Contrary to appearances, the crisis in Ukraine might be on the verge of resolution. The potentially crucial move came today when interim President Oleksandr Turchynov said that he would be open to changing the country's political system from a republic, with power centered in the capital Kiev, to a federation with considerable autonomy for the regional districts.
Peter R. Orszag writes that Sylvia Mathews Burwell could be a transformational secretary of Health and Human Services if she provides a clear glide path for shifting health care away from fee-for-service payments.
Following the revelation of USAID's deployment of a secret Twitter-inspired communications platorm in Cuba, Julia Sweig reflects, in her column, on U.S.-Cuba relations and on the loose definition of democracy-promotion in foreign policy.
Janine Davidson and Emerson Brooking assess potential glideslopes for U.S. withdrawal from Afghanistan in wake of the April 5 presidential elections. The most effective plan for U.S. withdrawal from Afghanistan will be phased and gradual—but this will likely be incompatible with American public opinion.
In advance of the presidential election in Afghanistan, Gayle Lemmon writes on why some policymakers are hoping that "things go well – or at least well enough – to keep both the Obama administration and the American public on board."
Though strategists have long feared that China's quest for natural resources would lead to ever-higher prices, a breakdown in trade, and perhaps even wars, Elizabeth Economy and Michael Levi write that a stunning WTO rebuke of Chinese exports restrictions shows that the global system is far more resilient than the worriers have claimed.
Heidi Crebo-Rediker and Douglas A. Rediker examine the role of the European Bank for Reconstruction and Development (EBRD) in Ukraine, arguing that the EBRD should shift its resources away from Russia and, in accordance with its mandate, support Ukraine's transition toward democracy and market-oriented economics.
Pakistan's passive and active support to a range of terrorist and militant organisations has long been the single most important threat to the foundations of deeper cooperation between Islamabad and Washington, writes Daniel Markey.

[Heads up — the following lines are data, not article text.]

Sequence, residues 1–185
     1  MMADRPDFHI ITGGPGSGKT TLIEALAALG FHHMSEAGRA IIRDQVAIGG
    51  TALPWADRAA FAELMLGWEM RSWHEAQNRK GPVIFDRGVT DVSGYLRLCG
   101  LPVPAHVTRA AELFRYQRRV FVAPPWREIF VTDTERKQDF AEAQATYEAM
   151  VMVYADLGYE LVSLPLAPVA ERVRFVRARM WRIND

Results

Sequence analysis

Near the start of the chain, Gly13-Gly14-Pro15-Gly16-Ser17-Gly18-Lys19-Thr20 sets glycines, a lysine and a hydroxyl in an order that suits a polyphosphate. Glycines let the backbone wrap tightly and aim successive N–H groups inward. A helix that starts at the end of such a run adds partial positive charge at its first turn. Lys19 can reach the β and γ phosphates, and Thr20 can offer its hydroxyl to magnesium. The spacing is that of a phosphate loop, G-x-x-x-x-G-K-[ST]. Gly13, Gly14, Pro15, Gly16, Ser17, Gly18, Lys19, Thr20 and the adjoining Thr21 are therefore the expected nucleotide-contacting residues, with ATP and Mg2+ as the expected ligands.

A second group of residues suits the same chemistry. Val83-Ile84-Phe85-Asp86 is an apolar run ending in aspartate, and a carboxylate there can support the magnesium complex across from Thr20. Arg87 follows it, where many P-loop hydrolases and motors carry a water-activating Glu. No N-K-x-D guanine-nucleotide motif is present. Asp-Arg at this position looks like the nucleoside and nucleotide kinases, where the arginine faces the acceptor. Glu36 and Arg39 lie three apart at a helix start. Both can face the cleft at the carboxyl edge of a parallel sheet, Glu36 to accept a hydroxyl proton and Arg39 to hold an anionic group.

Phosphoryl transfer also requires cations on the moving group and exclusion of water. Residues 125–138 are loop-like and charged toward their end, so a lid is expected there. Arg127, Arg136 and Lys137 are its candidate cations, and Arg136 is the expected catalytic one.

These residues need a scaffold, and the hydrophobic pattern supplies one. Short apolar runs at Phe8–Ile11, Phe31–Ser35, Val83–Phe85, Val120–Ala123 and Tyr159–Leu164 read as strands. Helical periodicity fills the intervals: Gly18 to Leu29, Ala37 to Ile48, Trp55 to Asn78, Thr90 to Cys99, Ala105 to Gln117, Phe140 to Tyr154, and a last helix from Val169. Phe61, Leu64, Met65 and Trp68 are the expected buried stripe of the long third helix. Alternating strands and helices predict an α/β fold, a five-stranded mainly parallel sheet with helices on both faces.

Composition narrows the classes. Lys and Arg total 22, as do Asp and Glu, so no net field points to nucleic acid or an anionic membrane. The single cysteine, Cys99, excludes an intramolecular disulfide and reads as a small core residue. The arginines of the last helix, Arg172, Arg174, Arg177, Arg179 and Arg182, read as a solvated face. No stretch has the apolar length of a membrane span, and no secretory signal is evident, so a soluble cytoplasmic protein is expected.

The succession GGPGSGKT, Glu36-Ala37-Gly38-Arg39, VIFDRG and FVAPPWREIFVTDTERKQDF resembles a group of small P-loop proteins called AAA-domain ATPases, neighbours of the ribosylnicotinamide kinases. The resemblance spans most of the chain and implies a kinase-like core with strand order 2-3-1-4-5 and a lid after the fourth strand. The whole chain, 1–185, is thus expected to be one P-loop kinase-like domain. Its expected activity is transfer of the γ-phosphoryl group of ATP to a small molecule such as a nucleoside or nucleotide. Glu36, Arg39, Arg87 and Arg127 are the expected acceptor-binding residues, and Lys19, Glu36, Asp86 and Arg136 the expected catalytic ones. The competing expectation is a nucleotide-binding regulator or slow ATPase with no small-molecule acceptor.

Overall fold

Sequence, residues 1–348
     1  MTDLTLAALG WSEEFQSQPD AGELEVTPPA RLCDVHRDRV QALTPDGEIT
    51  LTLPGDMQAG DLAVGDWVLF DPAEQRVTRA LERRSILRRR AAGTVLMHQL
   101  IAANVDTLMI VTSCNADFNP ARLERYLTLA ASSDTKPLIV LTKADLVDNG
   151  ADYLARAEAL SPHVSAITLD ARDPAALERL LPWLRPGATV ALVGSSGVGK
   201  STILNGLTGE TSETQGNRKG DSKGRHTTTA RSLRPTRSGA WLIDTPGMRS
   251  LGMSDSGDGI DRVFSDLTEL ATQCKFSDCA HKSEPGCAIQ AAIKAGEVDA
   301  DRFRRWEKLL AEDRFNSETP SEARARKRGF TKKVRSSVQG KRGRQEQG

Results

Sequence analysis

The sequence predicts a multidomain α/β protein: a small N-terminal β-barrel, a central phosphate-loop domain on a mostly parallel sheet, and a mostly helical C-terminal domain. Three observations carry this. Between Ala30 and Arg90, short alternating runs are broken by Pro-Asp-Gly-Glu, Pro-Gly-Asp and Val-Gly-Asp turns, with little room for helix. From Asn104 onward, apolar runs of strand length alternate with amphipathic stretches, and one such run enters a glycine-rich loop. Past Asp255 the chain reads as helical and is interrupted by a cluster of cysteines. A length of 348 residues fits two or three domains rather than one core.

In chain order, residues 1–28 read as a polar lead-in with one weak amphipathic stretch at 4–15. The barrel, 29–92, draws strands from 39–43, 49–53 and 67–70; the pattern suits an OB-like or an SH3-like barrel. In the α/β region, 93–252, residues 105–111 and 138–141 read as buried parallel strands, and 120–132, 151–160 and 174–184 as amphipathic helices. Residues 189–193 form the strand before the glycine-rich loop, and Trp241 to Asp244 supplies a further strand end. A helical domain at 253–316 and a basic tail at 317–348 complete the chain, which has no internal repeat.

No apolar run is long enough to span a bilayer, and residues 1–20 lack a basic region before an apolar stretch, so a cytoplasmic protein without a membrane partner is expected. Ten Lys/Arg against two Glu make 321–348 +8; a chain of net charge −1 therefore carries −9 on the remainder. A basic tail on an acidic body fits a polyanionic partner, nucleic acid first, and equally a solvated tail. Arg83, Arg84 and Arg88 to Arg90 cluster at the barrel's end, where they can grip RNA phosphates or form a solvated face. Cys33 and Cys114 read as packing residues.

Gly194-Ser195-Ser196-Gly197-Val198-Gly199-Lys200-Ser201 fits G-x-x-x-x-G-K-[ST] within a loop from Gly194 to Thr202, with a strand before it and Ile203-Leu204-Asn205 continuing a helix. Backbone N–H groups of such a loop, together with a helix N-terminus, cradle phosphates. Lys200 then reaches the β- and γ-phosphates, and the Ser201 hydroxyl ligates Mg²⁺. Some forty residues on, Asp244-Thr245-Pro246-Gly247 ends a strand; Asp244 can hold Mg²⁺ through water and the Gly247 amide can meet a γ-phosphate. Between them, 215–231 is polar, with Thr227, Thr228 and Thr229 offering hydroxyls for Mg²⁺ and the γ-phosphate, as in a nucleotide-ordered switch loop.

Benn Steil's latest op-ed in the Wall Street Journal, co-authored with Dinah Walker, explains why the ECB's anticipated foray into more aggressive monetary stimulus next week won't have any significant effect on the availability and cost of private-sector credit. The ECB believes that its ongoing bank stress tests will help revive the eurozone's moribund banking industry, but they argue that the tests are counterproductive without a mechanism in place to assure sufficient recapitalization of banks that fall short—as there was in the United States in 2009.
As the first outbreak of ebola in West Africa in twenty years claims over seventy lives, Laurie Garrett looks back at past epidemics in the region, drawing on her own experience reporting on 1995's ebola epidemic in Kikwit, Zaire. Lessons were learned, and it's now up to Guinea to remember them.
Reversing Russia's annexation of Crimea is not the most urgent goal of the Western nations. The bigger challenge is to deal with the emerging fractious nationalism and prevent further breakup of Ukraine from within, writes Stephen Sestanovich.
Fred Kaplan discusses The Unknown Known, Errol Morris's new documentary about Donald Rumsfeld. The filmmaker's technique has limits "when confronting a figure so practiced in evasion and so averse to introspection."
With Egyptian Field Marshal Abdel Fattah al-Sisi's recent entry into the country's presidential race, many consider his victory a foregone conclusion. A Sisi presidency, however, will be fraught with numerous challenges, writes Steven A. Cook, coming from the Muslim Brotherhood, a crippled economy, Mubarak-era business tycoons, and Egypt's fractious security establishment.
Though calls are mounting for the United States to help free Europe from Russian influence by exporting shale gas, Michael Levi writes the most useful thing that Europe could import is not American gas itself but the open economic model that has enabled the U.S. natural gas industry to thrive.
The authors argue that it is essential to begin working now to expand and establish rules and norms governing armed drones, thereby creating standards of behavior that other countries will be more likely to follow.
The author examines Pakistan's complex role in U.S. foreign policy and advocates for a two-pronged approach that works to quarantine threats while integrating Pakistan into the broader U.S. agenda in Asia.